Mr. Obama's Budget

Obama with econ advisers - Mandel Ngan.jpg

Years ago, the Congress assigned to the President the task of submitting each year a proposed federal budget. It has no force of law--deciding national priorities and spending levels remains strictly a congressional prerogative--but, like the President's State of the Union speech, which is also an assignment he is required (by the Constitution) to meet, it gives a pretty good snapshot of what the government's chief operating officer is thinking. This one may raise an eyebrow or two (it certainly raised both of mine).

Noticing that the country (actually, it's the government, not the country) is in a deep, deep financial hole, the President has proposed to shrink the outgo-income shortfall by raising taxes. The first part of that job, therefore, is to determine whose taxes to raise--everybody's (hardly palatable in an election year) or just those of a particular sub-group. The decision was easy, especially given the worldview, common among so many Democrats, that high earners are ipso facto the bad guys of society, even if that income has been earned by hard work at two or more simultaneously-held jobs and is offset by the non-frivolous but non-deductible needs of loved ones (these incidentals are not taken into account). So how to determine who are the baddest of the bad guys. The apparent conclusion: anybody who earns at least $250,000 a year.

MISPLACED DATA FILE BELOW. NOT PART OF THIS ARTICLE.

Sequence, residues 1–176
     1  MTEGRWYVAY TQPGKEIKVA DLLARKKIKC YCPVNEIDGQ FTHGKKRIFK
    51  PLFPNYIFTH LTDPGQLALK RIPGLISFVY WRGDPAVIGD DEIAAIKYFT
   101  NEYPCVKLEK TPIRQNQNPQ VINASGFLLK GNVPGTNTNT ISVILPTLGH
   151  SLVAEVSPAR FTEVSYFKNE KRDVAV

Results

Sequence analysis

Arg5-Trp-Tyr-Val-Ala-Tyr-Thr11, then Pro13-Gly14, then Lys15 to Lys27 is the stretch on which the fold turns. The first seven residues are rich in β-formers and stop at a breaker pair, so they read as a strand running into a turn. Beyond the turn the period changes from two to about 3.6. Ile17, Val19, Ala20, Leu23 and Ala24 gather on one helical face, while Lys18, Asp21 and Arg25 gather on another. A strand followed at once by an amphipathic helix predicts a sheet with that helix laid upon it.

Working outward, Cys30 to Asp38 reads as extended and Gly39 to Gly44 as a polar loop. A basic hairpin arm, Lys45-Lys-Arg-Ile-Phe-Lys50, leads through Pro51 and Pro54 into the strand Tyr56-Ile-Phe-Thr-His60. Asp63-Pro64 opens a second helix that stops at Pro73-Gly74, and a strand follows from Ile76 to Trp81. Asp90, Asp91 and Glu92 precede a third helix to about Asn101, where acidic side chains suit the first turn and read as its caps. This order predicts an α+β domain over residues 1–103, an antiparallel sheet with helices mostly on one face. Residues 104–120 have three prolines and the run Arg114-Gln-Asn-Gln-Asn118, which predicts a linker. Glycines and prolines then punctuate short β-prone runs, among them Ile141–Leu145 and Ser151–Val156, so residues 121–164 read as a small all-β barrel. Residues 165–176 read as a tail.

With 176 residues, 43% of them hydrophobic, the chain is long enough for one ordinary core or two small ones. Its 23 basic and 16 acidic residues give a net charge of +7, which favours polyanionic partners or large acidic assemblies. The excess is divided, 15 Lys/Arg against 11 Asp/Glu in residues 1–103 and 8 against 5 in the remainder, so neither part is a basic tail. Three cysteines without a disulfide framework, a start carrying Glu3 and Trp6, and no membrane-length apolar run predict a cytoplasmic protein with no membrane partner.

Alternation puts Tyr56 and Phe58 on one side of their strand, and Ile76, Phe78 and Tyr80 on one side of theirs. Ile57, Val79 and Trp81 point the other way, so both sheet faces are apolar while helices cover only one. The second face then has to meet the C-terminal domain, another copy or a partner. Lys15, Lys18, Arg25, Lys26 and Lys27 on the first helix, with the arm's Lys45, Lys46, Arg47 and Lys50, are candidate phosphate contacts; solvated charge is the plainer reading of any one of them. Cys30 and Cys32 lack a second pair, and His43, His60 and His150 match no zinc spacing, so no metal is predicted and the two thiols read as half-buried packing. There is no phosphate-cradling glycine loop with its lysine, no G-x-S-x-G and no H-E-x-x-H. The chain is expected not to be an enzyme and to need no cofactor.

If we raise taxes on everybody who earns $250,000 a year, and do not raise taxes on people making less than that, this is the result. Members of Congress (at least those who choose not to file jointly with working spouses) will avoid any tax increase (the congressional salary is, surprise, below the "bad guy" threshold; since members of Congress are prohibited from earning outside income, they thus escape the higher taxes they assess on others). If, however, taxes were to be increased for everybody earning over, say, $150,000, members of Congress and members of the President's Cabinet would have to raise taxes on themselves, too, and the government would bring in a lot more revenue to close the gap. Wonder why the President didn't think of that.